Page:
Journal of Science." April. 1881. Pp. 17.

The "Journal of Physiolosrv." Bv Michael
Foster, M. D., F.R S. Vol. 111. No. f, Auirust,
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Johns Hopkins University. Pp. 92, 70, 68.
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Contributions to the Anatomy of the Milk-
Weed Butterfly, Dnnain Archippus {YixhT.). By
Edward Burgess. Secretarv of the Boston Soci-
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Published by the Society. Pp. 16.

"The Magazine of Art." London, Paris,
and New York : Cassell. Petter. Galpin & Co.
April. 1881. Pp.34. Price, 35 cents.

Modem Architectural Designs and Details :
fur Dwellings, Stores, Offices, and Cottages.



Part VI. Plates 41 to 48. New York : Bicknell
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The Student's Dream. Chicago: Jangen,
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The Dirt-Cure. By T. L. Nichols, M. D.
New York: M. L. Holbrook & Co. 1881. Pp.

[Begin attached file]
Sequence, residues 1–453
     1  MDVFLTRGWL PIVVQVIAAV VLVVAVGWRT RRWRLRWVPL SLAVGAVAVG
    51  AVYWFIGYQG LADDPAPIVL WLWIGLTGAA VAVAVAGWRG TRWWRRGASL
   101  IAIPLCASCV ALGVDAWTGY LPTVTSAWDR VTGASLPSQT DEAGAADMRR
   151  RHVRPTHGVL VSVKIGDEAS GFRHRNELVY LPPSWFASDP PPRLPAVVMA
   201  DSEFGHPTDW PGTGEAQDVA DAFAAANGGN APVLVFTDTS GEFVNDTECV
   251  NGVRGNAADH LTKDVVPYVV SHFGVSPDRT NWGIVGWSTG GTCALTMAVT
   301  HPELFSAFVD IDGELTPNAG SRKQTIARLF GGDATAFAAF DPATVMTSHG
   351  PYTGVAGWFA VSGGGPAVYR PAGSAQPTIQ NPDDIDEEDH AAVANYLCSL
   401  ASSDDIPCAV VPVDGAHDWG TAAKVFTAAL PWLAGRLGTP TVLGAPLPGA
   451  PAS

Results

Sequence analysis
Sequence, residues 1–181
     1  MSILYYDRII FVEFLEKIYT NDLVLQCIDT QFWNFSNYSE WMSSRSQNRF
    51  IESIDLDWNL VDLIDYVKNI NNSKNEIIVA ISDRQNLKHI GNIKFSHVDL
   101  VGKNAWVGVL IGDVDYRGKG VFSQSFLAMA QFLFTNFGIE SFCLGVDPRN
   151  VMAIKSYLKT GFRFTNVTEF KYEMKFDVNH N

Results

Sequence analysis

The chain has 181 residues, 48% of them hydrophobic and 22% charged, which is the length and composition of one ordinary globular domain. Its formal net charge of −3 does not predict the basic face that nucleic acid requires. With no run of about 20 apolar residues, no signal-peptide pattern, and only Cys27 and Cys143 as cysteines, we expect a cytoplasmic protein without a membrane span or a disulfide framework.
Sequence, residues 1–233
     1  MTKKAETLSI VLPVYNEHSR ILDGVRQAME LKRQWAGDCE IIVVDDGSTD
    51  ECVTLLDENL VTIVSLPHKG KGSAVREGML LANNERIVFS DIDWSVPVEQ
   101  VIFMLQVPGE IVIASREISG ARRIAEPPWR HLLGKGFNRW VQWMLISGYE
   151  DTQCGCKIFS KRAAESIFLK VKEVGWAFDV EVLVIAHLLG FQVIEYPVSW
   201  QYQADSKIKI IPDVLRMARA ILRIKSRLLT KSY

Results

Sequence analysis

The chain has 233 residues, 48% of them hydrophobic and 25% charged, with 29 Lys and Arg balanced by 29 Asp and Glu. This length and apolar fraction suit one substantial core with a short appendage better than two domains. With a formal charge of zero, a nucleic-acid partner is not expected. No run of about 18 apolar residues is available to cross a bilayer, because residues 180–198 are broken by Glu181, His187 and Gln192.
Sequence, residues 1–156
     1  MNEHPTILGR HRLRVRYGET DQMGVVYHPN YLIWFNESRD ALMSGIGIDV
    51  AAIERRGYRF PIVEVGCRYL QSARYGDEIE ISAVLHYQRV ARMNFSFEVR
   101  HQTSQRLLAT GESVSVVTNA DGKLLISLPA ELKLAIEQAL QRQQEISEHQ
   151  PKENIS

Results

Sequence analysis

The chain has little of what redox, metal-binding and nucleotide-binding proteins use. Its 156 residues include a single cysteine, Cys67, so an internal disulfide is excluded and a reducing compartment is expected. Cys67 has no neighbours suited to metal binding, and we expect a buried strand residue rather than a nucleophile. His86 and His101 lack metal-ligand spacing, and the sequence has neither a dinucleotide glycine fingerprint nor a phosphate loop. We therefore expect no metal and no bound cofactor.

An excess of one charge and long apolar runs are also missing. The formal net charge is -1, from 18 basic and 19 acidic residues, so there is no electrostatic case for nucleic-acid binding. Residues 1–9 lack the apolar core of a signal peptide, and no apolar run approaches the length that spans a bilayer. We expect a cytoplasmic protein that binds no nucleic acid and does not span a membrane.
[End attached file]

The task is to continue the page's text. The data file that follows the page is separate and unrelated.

88. Price, 50 cents.

Imaginary Quantities: Their Geometrical
Interpretation. Translated from the French of
M. Argand. By Professor A. S. Hardy. New
York : D. Van Nostrand. 1881. Pp. 135. Price,
50 cents.

Locke's Conduct of the Understanding. Ed-
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Fowler, M. A. Oxford: Clarendon Press. 1881.
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Second German Book, after the Natural or
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A. M. New York : A. S. Barnes & Co. 1881.
Pp. 81. Price, 40 cents.

Working Drawings, and how to make and
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Joseph M.Stoddard & Co. 1881. Pp.53. With